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```Date: Wed, 05 Jul 2000 22:25:33 -0700
From: Doug Jones <random@qnet.com>
Newsgroups: sci.space.policy
Subject: Re: Ballooning on Mars

Serial # 19781010 wrote:
>
> Ballooning on Mars
>
> Balloons present excellent opportunities for exploring Mars.
> Unfortunately, the logistical problems are severe.  I am interested in
> hearing from anyone who has insight into the following:
>
> Martian atmosphere is 0.9 per cent as dense as Earth.  To generate
> lift, a balloon would have to displace huge volumes of atmosphere.  I
> have calculated that to lift 10kg of payload on Mars, a balloon would
> need to be approximately 25m in diameter.  This assumes material
> weight of 55g/sq metre, totalling 108kg.  It would require about 6.5kg

Yow!  That's a *thick* balloon!  Assuming almost any plastic at density
of about 800 kg/m3, that's 2.7 mils, about ten times the typical
thickness of high altitude balloons.

In 1997 I launched a Raven Industries N25-2.5L-0.300 zero pressure
balloon.  From the spec sheet:

Type: Natural shape, tapeless (no reinforcing tapes attached to the
film)
Volume: 300,000 ft3
Weight: 31.3 lbs
Inflated height x diameter: 76x90 ft
Nominal Load: 25 lbs
Nominal Altitude: 134,300 ft (10 lb payload to 145K ft, no guarantees)
Film gauge: 0.25 mil (dry-cleaner's bag thin)
Surface area: 22,860 ft2  (!)
Length: 129 ft (before inflation)

Plug the .25 mil (6 micron) thickness into your spreadsheet and you'll
get much better results.

--
Doug Jones
Rocket Plumber, XCOR Aerospace
http://www.xcor-aerospace.com

```

```Newsgroups: sci.space.tech
From: henry@spsystems.net (Henry Spencer)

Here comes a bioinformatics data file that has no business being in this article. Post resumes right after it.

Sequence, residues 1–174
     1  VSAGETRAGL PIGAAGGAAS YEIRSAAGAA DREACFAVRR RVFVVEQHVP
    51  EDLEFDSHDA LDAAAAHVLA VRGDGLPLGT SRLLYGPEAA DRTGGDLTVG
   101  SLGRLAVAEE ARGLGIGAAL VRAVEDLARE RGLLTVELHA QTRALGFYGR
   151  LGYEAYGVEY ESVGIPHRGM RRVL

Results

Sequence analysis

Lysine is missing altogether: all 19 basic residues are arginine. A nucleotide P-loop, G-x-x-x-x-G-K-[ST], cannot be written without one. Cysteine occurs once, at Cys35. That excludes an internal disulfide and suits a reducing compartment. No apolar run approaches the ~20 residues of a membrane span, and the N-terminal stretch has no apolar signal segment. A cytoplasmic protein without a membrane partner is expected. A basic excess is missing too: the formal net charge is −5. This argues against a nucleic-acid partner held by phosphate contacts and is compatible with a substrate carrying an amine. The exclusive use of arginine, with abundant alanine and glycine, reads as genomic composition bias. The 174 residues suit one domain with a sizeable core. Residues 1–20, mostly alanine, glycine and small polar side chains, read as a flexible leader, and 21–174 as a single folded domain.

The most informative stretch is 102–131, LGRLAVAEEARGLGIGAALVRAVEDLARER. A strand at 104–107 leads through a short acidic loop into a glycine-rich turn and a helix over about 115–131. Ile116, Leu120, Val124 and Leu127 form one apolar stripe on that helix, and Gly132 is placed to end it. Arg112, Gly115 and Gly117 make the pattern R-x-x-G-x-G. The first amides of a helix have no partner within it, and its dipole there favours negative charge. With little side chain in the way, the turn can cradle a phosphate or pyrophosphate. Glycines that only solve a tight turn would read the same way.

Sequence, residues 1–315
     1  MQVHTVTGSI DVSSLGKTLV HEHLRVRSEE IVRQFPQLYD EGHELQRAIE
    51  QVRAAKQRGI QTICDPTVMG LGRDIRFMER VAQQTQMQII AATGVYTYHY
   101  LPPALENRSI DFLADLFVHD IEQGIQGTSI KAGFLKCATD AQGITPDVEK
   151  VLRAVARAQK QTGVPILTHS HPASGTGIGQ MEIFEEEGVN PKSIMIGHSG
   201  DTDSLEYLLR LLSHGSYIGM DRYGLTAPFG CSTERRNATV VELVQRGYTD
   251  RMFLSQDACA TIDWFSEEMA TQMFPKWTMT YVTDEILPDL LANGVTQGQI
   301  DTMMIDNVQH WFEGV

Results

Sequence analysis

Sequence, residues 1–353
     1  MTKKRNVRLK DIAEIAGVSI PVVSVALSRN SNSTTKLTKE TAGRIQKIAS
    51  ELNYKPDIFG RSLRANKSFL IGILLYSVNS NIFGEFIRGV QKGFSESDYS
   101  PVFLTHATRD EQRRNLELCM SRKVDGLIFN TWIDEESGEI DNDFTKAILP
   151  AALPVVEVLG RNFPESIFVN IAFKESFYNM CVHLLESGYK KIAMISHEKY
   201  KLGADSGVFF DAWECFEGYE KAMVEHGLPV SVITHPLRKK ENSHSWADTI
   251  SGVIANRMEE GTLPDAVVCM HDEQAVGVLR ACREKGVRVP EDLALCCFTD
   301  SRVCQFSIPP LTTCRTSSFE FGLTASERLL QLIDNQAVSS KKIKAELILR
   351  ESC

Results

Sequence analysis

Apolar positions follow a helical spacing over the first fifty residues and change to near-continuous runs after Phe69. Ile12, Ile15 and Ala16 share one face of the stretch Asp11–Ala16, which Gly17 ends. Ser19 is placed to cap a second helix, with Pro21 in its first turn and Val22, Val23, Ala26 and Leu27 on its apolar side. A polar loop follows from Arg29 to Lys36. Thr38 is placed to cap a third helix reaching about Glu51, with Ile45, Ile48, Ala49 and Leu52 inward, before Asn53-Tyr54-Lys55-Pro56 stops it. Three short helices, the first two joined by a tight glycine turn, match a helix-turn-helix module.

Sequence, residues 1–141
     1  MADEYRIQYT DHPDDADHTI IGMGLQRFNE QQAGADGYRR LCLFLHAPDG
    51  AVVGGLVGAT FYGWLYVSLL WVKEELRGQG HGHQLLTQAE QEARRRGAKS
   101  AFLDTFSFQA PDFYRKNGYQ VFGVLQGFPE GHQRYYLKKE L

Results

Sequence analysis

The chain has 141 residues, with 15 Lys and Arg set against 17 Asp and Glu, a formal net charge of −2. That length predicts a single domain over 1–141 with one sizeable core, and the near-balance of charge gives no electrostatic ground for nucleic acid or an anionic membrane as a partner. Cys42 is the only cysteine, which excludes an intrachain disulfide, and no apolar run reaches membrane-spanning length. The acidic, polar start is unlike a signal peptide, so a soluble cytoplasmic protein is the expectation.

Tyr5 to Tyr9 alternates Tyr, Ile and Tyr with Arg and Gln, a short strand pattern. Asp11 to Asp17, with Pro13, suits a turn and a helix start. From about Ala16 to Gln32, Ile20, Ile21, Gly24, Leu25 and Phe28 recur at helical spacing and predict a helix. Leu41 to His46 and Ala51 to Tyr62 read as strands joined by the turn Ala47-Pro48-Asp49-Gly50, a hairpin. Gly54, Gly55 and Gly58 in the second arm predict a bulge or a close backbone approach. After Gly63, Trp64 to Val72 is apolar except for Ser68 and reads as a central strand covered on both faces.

Subject: Re: Stupid enough to work?
Date: Sat, 26 Aug 2000 20:26:43 GMT

In article <39A494E3.BDDF4B62@cableregina.com>,
kevin smith  <kevsm1@cableregina.com> wrote:
>...A balloon large enough to loft a
>manned vehicle plus booster would be BIG...

For purposes of reference, a handy round number is that you need (very
roughly) a cubic meter of hydrogen or helium to lift a kilogram.
--
Microsoft shouldn't be broken up.       |  Henry Spencer   henry@spsystems.net
It should be shut down.  -- Phil Agre   |      (aka henry@zoo.toronto.edu)

```

```Newsgroups: sci.space.tech
From: henry@spsystems.net (Henry Spencer)
Subject: Re: Stupid enough to work?
Date: Mon, 28 Aug 2000 03:51:08 GMT

In article <0V7q5.22942\$Xg.579141@news-east.usenetserver.com>,
Ian Stirling  <Inquisitor@I.am> wrote:
>>For purposes of reference, a handy round number is that you need (very
>>roughly) a cubic meter of hydrogen or helium to lift a kilogram.
>
>That's at sea level though.
>For every 6Km (or so) you go up, the amount needed doubles.

The *volume* needed doubles... but the gas helpfully looks after this
automatically, because that 1m^3 becomes 2m^3 as the pressure drops.
Until the atmospheric composition actually starts to change, at truly
extreme altitude, the lift provided by a given mass of gas is constant.
It effectively has a negative weight, which does not change as it expands
and contracts with changes in temperature and pressure, provided those
changes match those in the surrounding atmosphere.

Mind you, there is one caveat to this:  the balloon has to be able to
contain those volume changes.  That's where the tradeoffs come in, because
a balloon which can accommodate (say) a 5:1 expansion will be larger and
heavier than one which can only handle a 2:1 expansion.
--
Microsoft shouldn't be broken up.       |  Henry Spencer   henry@spsystems.net
It should be shut down.  -- Phil Agre   |      (aka henry@zoo.toronto.edu)

```

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